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Fintech vs Traditional Banks: Competition or Collaboration?


9 min read

Fintechs reshape the banking industry as people become more accustomed to the comfort of having everything under one’s fingertips. New digital banking solutions allow people to get the same services as from traditional institutions but enhanced with personal advice, customized recommendations, gamification, and other fresh ideas.

Neobanks are vastly spreading across the industry, present in most countries. With about 19.9% of the US digital banking market compound annual growth rate (CAGR), the question arises; will fintechs replace traditional branches? This article is set to find out.

What is Fintech, And How Can It Compete With Traditional Banks?

The term fintech stands for financial technology which is divided into several branches; for example peer-to-peer payment services, trading platforms, financial advice services, portfolio management systems, etc. Those of the fintechs that might compete with traditional banking are challenger banks and neobanks, so let’s talk about them in more detail.

What are Neobanks?

Neobanks are fully operating banks without traditional brick-and-mortar physical presence. These organizations are focused on providing mobile-first banking services exclusively. In the UK, the term challenger bank is used, though it refers more to the small banks that emerged during the 2007-2009 financial crisis. These banks are mainly smaller but compete with the larger-established institutions.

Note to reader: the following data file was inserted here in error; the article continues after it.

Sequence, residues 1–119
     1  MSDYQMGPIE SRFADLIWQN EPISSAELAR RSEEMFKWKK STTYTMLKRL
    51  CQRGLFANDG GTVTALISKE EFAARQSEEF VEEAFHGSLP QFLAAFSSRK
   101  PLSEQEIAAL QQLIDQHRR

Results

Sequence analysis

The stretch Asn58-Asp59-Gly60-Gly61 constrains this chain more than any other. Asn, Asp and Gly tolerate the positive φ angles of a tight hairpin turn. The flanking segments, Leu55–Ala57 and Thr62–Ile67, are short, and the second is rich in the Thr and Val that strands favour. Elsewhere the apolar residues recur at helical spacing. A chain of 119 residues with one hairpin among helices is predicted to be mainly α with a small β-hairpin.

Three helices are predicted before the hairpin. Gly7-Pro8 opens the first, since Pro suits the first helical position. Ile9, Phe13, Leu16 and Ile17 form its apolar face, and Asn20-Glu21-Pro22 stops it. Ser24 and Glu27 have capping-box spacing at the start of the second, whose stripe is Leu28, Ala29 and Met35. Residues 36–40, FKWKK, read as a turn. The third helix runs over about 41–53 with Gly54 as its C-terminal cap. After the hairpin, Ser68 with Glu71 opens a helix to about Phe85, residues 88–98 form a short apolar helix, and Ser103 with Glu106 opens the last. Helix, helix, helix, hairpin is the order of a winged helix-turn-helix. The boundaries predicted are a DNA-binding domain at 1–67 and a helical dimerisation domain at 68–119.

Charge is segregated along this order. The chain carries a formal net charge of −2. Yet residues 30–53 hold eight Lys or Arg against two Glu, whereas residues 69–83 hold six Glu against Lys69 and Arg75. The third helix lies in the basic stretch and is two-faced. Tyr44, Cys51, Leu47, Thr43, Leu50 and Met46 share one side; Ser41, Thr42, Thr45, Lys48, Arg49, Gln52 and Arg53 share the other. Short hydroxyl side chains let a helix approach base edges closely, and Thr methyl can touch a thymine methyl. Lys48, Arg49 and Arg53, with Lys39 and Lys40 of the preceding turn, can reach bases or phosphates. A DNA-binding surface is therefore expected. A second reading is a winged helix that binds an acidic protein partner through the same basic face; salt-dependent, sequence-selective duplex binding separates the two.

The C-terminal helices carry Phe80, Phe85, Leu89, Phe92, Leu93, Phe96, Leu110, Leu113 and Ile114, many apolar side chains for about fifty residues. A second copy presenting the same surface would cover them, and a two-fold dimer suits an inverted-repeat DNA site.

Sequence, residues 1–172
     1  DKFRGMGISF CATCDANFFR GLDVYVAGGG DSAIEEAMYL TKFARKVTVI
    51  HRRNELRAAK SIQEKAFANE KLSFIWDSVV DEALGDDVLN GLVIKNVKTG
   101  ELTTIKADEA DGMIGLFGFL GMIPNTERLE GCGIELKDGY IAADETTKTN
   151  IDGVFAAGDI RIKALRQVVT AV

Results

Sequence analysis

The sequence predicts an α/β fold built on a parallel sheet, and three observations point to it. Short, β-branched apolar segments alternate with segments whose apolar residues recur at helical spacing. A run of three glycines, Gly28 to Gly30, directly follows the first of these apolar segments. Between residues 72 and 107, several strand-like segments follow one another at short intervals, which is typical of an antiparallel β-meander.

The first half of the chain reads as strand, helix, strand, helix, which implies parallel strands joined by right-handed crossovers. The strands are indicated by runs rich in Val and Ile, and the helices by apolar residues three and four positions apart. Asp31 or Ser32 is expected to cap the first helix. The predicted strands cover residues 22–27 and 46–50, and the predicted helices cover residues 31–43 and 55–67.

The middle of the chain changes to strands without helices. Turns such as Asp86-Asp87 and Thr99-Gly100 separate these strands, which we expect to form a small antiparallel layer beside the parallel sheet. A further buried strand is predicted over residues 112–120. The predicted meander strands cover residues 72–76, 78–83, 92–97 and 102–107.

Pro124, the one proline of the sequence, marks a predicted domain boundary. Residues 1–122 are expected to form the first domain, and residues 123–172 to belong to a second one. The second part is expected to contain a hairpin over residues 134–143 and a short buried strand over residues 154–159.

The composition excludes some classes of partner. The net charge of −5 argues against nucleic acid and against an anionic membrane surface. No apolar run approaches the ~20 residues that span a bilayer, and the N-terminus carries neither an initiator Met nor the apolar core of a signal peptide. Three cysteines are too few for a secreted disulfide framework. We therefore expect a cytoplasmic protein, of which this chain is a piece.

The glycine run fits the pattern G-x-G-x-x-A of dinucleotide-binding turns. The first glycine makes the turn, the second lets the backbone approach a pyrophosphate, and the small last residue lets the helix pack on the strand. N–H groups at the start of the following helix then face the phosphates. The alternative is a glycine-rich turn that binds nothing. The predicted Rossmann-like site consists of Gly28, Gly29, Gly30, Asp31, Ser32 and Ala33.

In 2022, the global market value of the neobank segment reached $66.82 million, with a positive dynamic compound annual growth rate of 54.8% from 2023 to 2030. The main reason for this astonishing success is the high demand for convenience among consumers, along with the usability of such services that have arisen in post-COVID-19 society.

There are several special features that differentiate traditional bank organizations from neobanks, favoring the latter. Here are some of them which are the most distinguished in DashDevs’ opinion.

The most prominent neobanks advantages

  1. User-friendliness and comfortability. Neobanks are created for various groups of people with different incomes, so they offer affordable services and, in some cases, subscriptions. Also, to make the applications more attractive for customers, they often have minimalistic and easy-to-use UI.